Defining ‘recovery’ for delirium research: a systematic review
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Adamis, Dimitrios; Devaney, Amanda; Shanahan, Elaine; McCarthy, Geraldine; Meagher, David (2014). Defining ‘recovery’ for delirium research: a systematic review. Age and Ageing 44 (2), 318-321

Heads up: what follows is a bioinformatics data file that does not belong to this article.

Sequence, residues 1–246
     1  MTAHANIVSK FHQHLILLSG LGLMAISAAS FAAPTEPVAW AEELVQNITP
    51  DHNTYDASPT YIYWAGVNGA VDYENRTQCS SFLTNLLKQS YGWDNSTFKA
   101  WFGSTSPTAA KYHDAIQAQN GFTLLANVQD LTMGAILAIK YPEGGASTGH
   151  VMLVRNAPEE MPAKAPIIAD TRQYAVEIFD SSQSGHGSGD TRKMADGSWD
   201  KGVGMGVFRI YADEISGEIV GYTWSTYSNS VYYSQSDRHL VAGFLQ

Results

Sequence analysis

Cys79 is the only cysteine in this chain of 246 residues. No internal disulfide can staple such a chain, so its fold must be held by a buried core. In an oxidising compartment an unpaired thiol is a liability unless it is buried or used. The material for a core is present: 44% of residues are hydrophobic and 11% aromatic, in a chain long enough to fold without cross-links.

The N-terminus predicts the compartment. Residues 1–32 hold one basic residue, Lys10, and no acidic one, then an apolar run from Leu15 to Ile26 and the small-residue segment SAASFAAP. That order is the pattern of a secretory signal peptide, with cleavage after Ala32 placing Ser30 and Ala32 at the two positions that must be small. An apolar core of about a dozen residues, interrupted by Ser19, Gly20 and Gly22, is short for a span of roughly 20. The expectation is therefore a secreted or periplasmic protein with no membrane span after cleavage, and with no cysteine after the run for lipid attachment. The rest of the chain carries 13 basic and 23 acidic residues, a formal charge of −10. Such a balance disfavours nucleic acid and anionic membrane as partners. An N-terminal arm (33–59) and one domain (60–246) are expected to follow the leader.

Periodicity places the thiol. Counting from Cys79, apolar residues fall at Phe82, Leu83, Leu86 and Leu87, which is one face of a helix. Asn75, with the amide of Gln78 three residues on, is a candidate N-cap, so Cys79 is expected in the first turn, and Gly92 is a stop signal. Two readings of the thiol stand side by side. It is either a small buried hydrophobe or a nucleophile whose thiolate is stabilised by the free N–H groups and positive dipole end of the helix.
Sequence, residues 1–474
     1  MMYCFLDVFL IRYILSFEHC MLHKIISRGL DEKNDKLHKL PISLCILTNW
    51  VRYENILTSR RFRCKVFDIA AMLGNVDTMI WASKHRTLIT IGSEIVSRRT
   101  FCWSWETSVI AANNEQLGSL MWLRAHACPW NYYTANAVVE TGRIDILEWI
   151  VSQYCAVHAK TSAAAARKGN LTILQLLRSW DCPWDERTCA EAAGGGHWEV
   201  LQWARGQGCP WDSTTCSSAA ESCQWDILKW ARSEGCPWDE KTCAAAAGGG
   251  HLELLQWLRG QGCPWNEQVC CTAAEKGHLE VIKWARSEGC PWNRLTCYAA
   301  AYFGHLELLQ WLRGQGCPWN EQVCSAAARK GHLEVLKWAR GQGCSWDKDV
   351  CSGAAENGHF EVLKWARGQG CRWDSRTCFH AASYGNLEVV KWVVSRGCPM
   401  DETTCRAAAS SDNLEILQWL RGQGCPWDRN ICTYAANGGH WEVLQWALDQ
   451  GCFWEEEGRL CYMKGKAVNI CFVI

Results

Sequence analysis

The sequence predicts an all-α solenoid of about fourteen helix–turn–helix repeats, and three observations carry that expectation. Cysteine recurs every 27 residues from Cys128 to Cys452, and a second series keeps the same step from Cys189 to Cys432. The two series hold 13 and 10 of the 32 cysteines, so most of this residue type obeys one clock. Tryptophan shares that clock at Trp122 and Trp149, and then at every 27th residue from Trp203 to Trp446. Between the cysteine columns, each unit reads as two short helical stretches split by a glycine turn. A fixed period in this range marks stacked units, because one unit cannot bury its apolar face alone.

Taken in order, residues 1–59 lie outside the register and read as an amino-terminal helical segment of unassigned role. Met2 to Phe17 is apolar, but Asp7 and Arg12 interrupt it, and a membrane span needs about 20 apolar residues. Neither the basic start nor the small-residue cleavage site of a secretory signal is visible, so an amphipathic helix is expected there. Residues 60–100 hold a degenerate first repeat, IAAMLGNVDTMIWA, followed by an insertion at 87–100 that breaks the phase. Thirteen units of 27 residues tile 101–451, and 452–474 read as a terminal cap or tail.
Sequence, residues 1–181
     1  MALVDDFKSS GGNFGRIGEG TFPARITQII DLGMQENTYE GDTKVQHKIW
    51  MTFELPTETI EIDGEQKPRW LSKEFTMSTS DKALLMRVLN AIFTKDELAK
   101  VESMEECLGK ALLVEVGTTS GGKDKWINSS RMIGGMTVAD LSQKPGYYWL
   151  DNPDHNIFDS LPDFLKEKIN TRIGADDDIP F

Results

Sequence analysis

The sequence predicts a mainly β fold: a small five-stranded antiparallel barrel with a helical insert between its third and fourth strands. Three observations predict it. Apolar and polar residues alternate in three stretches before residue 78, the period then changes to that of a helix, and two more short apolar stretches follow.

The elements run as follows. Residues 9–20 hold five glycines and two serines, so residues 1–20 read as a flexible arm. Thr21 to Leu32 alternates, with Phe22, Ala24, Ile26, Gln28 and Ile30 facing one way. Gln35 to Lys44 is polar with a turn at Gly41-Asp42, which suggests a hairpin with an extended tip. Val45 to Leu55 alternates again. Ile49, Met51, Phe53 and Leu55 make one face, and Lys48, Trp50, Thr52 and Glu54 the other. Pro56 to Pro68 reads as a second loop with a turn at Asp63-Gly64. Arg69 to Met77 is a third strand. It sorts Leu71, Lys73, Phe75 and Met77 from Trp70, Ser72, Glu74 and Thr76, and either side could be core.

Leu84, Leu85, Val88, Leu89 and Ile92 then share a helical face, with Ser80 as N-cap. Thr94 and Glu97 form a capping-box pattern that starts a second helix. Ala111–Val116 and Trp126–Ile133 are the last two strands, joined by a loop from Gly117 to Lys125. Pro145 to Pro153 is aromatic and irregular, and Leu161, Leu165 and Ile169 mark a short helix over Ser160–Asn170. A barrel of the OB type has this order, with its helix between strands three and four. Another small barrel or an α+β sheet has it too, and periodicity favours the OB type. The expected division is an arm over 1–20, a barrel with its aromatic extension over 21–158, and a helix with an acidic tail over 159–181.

Background: delirium is a common neuropsychiatric disorder. The natural course is of an acute, fluctuating and often transient condition; however, accumulating evidence suggests that delirium can be associated with incomplete recovery. Despite a growing body of research, a lack of clarity exists regarding definition and outcomes. Objective: to clarify the definition of recovery of delirium used in the literature. Methods: a Medline search was performed using relevant keywords. Studies were included if they were in English, provided any definition of recovery and were longitudinal. Excluded articles were duplicated studies, case studies, review articles or articles related to alcohol, children, subsyndromal delirium only or those investigating core symptoms such as function. Results: fifty-six studies met the inclusion criteria. Only two studies used clinical criteria alone for the diagnosis of delirium; most studies used at least one validated scale-either categorical or continuous severity scales. A variety of 16 different terms were used to define the 'recovery of delirium'. The definitions of each term also varied. Studies using severity scales used either cut-off points or percentage reduction between assessments, while others using dichotomous scales (yes/no) defined recovery as one or more days of negative delirium. Conclusion: an agreed terminology to define recovery in delirium is required. A distinction should also be made between symptomatic and overall recovery, as well as between long- and short-term outcomes. It is proposed that cognitive recovery should be central to defining recovery in delirium.